Creator Spotlight: Randy Scott Slavin

Creator Spotlight: Randy Scott Slavin

16 minute read

Aside from being the founder of the New York City Drone Film Festival, Randy Scott Slavin is an accomplished multi-hyphenate who has gained accolades for his work across various creative pursuits. He has found success as a photographer, drone expert, and director of award-winning music videos, short films and commercials. His work has garnered millions of impressions, and has been featured across countless major media platforms - from magazines to TV and film. Here at Glyph - we are always looking to nurture our community of creative professionals. We’re incredibly excited to launch this series of profiles on some of our favorite creatives doing it today, and are grateful to have sat down with Randy for this conversation. 

If you were meeting someone at a bar and they asked you what you do, how would you actually describe yourself to them? 

Randy: I would say that I’m a director and a drone specialist who started the New York City Drone Film Festival - at least that’s what I am on paper. I see myself as more of a full-service creative though. I hold the job of director almost as a religion in terms of storytelling and the place that holds in society. For me, it’s a role for someone who sees the big picture, somebody who understands tone, who understands all the different departments.This is why I hold it in such high regard, because I don't see it as a few pieces of the job that needs to be done.

Talk to us about the beginnings of your career and how you got started. You know, those really early days.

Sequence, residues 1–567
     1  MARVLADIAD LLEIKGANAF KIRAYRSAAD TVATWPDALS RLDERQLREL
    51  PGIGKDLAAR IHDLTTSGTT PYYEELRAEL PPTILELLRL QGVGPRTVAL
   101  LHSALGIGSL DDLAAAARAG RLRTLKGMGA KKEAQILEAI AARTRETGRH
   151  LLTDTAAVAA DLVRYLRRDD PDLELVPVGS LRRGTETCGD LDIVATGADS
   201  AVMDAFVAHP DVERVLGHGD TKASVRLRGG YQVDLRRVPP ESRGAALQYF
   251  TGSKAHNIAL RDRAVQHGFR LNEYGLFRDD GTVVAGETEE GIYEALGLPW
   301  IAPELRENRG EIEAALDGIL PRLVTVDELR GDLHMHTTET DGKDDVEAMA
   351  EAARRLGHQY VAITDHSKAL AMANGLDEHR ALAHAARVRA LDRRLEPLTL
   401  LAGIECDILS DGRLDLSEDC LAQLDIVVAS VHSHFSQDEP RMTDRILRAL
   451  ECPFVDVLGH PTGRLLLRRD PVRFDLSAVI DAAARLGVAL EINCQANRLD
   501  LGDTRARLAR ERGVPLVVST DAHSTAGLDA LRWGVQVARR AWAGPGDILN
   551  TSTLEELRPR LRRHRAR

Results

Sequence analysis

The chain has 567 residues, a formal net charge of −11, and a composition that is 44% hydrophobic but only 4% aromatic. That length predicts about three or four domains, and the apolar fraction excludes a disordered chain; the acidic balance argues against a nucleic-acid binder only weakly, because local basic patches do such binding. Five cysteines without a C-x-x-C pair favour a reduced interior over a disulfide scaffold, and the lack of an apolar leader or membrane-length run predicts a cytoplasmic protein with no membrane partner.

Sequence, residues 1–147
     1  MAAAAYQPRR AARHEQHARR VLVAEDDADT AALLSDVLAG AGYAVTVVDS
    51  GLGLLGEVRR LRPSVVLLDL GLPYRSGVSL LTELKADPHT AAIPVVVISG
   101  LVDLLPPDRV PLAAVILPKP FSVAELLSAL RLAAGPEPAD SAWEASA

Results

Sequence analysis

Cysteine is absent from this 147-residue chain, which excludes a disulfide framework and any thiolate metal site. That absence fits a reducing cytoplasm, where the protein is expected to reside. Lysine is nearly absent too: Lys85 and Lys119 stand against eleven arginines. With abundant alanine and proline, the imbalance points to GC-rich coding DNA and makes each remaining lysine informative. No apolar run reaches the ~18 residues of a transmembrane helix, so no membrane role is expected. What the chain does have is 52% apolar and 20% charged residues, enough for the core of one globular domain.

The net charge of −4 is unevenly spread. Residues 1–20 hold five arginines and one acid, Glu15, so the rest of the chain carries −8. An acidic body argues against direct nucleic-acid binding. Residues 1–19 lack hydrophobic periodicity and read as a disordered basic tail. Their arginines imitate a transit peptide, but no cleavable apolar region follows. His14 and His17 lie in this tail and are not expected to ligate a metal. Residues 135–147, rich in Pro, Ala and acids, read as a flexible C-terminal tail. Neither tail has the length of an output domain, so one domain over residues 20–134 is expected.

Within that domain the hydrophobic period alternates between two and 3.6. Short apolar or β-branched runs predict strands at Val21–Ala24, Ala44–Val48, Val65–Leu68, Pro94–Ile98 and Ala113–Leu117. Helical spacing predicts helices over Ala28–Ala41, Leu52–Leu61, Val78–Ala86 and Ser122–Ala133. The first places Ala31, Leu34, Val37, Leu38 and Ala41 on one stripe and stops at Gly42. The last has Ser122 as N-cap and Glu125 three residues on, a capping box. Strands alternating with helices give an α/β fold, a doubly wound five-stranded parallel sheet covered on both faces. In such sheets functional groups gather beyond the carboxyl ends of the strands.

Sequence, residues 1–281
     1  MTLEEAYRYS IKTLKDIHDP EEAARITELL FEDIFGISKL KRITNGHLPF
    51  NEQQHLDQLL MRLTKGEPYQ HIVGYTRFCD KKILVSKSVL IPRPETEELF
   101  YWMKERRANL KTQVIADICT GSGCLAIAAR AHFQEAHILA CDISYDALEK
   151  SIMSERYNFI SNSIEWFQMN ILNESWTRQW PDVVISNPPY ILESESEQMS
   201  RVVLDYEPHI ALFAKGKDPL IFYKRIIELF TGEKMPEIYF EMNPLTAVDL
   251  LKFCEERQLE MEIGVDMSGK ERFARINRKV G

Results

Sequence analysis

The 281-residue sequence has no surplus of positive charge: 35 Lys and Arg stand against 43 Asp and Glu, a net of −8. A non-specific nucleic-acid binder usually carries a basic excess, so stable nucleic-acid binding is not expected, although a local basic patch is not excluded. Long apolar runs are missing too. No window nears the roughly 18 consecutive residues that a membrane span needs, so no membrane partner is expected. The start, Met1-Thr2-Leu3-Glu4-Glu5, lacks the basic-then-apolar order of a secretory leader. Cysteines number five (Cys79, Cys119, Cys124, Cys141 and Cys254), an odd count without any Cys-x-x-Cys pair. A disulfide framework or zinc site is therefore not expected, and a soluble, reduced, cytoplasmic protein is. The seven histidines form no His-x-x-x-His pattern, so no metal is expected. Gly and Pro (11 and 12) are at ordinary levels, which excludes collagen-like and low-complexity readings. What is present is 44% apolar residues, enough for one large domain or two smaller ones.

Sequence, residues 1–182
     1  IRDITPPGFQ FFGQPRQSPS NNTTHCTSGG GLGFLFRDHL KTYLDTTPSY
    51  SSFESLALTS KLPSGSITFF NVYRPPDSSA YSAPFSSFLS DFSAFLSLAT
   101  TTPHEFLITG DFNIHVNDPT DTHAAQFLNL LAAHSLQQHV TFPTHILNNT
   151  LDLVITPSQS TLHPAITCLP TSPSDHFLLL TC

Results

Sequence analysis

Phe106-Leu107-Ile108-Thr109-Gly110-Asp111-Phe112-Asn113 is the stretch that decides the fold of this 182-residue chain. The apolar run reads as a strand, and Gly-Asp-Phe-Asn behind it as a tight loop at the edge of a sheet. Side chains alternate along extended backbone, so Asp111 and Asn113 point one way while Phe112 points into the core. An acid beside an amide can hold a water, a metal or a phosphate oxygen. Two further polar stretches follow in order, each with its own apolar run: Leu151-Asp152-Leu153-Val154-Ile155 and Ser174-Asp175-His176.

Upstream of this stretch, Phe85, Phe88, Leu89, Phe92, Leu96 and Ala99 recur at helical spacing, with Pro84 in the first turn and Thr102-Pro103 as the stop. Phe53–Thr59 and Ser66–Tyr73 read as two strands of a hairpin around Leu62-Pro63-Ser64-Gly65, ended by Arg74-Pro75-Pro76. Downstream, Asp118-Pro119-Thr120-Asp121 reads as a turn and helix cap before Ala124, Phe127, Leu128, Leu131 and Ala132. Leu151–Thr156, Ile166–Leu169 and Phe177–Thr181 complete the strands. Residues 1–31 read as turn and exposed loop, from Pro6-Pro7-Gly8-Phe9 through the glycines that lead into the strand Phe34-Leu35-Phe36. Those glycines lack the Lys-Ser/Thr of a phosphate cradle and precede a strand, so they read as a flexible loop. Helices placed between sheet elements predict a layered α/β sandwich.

Randy: My career started 20 or so years ago, and I just was shooting every single thing I could get my hands on. I remember my mom was going to some aerobics class and I remember going tothat and being like, ‘yo, can I shoot a promo video for you?’ It’s been kind of like that since, and I don’t think my angle has changed much. I’ve tried to go fast and furious in the direction of making as much as I can.

My technique has gotten much better and I've had a lot more wins since then, but basically that's kind of been the long and short of it. I think the biggest change in my career since then has been the adoption of drones, which happened in 2013. I saw this skateboard video that had a shot in it that I couldn't place. I couldn't understand how they shot it. So I did some research and basically found out how it was done, and that's when I started building drones. And that has kind of, I wouldn't say necessarily taken me off course, but it took me on a different path that's tangential to directing and to creating in this way. 

Drones have truly made a very impactful mark on all industries. They are part of almost every single show, every single commercial music video, high end, low end, everything. And thanks to the proliferation of drones and the prevalence of accessibility to them, you can get some beautiful shots.That being said, you can't always get somebody that knows how to really use them in the right way. It requires a lot of really amazing and disparate skill sets to be able to really shoot drone shots well, let alone do it when you're under pressure on set in front of professionals and being able to have the nerve to fly during those really high pressure situations. 

Who were your earliest influences and who are some of the creatives that still inspire you today?

Randy: Stanley Kubrick has always been a huge favorite of mine. He showed me what it means to be a serious storyteller. Then there’s John Huges with movies like Ferris Bueller’s Day Off.  I don't look at John Hughes movies and say that's how I want to direct. I look at John Hughes movies and I think that's how my life should be, which is bizarre and not necessarily that healthy, but it just is what it is. I grew up with movies like Ferris Bueller's Day Off, The Lost Boys, National Lampoon's Family Vacation, Tim Burton’s Batman and Beetlejuice - movies like that throughout the eighties and nineties. My version of love was presented by these movies and how a director chose to portray that on screen. Part of the reason I wanted to be a director is because these works were so impactful. You're instructing generations of the future about how to deal with what real life actually is.